Archive for August, 2010

How Do You Measure Up?

Posted in continued learning, enjoyable living, quest for content, relationships, Uncategorized with tags , , , , , , on August 27, 2010 by dredslack

  “How have you been feeling about yourself lately?” When you ask this question most folks initially give a report on how things are going at work, how things are going at home and how they feel the state of the world is going …. and they’re usually dissatisfied because what they think should be happening isn’t. If you restate the question and prompt them to be more personal what follows is often a set of ratings as to how they feel they are performing at work and at home, and more often than not this rating is comparative to others or a ‘standard’ they hold themselves to. These ratings and comparisons are usually ‘automatic’, meaning they haven’t been consciously chosen but have been adopted because of education, observation and experience. 

  For most, this personally generated basis of self-esteem isn’t a choice but a matter of happenstance. If brought up with a different set of cultural / experiential circumstances a different set of standards would apply. This is important because our drive towards a positive self-esteem guides our behavior powerfully. If we’re driving to locations we don’t really want to go to we may end up somewhere we have no interest in being, feeling adrift and unsatisfied. 

  Step back from yourself for a moment and ask yourself what comprises the internal model of what you’re supposed to be. Write it down or draw it out if that helps, take your time. How do you compare with this model of your ideal self? Would you weigh less? Would you be richer? Would everybody love you? Would you be famous? Now ask yourself if you really think these things are important? Are they part of your idea of a human life well lived? Are they realistic? Are you in agreement with the values implicit in this model? If not change it to one that agrees with your values and is realistic and again feel free to write it or draw it out. Sure it’s easier said than done but having an aware and self generated set of expectations can do a lot to increase your satisfaction with yourself and your life, in a very short time.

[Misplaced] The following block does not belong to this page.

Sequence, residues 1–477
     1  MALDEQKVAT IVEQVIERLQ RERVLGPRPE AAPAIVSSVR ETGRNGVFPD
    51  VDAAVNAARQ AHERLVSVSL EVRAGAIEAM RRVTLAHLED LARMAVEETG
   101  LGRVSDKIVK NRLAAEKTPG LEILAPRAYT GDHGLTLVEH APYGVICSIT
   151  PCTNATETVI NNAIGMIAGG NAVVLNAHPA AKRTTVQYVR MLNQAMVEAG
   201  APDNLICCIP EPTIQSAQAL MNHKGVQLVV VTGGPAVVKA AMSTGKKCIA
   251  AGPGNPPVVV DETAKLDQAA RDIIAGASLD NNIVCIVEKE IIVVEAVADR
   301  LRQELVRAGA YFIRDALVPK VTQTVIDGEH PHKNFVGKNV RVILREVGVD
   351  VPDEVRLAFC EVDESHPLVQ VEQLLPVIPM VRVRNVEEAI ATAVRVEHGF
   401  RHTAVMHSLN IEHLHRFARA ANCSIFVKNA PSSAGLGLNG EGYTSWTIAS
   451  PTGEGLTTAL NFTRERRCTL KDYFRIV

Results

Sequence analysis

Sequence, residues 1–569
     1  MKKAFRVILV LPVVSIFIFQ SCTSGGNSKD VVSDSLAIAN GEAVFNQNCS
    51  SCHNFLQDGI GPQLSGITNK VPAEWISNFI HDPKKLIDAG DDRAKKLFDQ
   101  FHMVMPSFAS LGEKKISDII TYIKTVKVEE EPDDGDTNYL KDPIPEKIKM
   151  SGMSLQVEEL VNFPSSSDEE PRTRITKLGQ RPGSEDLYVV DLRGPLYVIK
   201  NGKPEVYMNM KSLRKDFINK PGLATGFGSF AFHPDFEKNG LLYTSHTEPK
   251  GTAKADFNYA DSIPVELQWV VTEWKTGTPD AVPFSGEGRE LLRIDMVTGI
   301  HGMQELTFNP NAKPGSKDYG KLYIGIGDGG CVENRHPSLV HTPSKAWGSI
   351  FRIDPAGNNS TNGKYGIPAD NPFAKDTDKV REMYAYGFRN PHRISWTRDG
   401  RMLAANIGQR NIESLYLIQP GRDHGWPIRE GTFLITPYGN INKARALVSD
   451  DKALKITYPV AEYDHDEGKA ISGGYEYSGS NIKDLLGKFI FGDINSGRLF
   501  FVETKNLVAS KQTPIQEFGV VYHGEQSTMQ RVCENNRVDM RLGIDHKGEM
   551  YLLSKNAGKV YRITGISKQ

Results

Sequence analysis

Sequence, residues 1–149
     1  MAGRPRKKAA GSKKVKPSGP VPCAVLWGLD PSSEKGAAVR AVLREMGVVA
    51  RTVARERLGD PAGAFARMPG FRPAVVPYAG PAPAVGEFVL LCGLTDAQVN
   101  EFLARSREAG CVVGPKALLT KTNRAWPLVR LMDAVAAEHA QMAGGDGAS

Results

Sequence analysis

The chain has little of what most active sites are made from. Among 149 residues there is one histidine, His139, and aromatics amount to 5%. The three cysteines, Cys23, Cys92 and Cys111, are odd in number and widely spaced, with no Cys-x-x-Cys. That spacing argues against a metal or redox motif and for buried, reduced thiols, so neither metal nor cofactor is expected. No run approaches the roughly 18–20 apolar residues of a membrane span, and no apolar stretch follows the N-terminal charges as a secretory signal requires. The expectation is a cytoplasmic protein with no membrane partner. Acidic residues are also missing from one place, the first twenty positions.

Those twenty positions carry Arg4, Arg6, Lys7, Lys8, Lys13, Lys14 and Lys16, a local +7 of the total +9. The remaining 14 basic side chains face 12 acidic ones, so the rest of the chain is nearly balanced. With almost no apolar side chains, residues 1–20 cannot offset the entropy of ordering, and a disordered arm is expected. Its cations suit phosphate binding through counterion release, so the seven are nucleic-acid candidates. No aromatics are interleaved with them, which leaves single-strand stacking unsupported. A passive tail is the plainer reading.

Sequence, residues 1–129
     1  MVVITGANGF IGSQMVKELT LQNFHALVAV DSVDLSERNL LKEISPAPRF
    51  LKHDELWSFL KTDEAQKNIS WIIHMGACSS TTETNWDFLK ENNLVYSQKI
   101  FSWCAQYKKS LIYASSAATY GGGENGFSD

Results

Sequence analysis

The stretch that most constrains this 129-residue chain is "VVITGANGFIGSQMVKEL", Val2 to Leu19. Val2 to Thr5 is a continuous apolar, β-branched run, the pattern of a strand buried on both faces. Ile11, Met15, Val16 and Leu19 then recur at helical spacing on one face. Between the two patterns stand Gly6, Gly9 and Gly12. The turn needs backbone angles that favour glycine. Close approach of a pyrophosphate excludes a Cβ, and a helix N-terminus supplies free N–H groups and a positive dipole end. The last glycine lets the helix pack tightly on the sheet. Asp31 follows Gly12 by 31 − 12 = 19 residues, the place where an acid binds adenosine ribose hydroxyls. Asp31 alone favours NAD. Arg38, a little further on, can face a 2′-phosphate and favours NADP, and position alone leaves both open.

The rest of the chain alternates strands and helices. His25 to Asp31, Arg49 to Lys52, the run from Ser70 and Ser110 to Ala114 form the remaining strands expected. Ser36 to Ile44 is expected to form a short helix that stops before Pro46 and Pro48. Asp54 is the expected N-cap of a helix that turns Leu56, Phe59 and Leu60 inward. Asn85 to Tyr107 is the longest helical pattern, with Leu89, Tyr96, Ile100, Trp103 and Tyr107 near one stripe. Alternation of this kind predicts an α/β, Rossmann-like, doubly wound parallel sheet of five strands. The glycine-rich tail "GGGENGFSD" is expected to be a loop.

Being a shrink for the last 25+ years, a lot of my job has been helping people feel better about themselves. Being generally happy really is a win-win situation as happy people tend to not only be more satisfied with life, they’re more fun to be around, perform better at work, get sick less, live longer, etc., etc. Making the internal model of what you’re supposed to be a personally meaningful and realistic set of parameters, is a surprisingly easy bit of work that can have vividly positive results. The main problem is remembering your new model and not getting back into old, habit based automatic reaction patterns. 

  Remembering new patterns is a huge issue when it comes to changing one’s life, and the easier the technique the easier it is to forget. Some find journaling a big help, others get into a regime of daily self reflection and mentally go over their new patterns per diem. My personal favorite is to find a cool painting or knick-knack for around the house that reminds me of the new ‘thought habit’ I’m working on. It only takes about twenty repetitions of a new pattern, either behavioral or mental, to create a new habit pattern. That’s not a lot to be a bit happier and a bit more you.

Are You Living Laterally?

Posted in continued learning, enjoyable living, quest for content, relationships, staying alive with tags , , , , on August 12, 2010 by dredslack

 Living laterally is moving through life without pressing forward into new territories or doing unfamiliar things. It’s a life style of pretty much doing the same thing, day in and day out. Think back to when you were in grade school… a huge part of life was about learning & acquiring new skills, it was a hurried movement forward. Pretty much the same in High School and if you went to collage more there, but what’s happened since? 

 Most of us move on to careers and families and that certainly takes time & effort, but what happened to our growth and development as human beings? Without the structure of school, what new aspects of life have you moved forward with? Some of us have careers that push us forward in ways, sometimes circumstance will push learning upon us, avocations can certainly fuel the growth continuum but I think a lot of us get caught in the comfy trap of lateral living and just kinda getting by.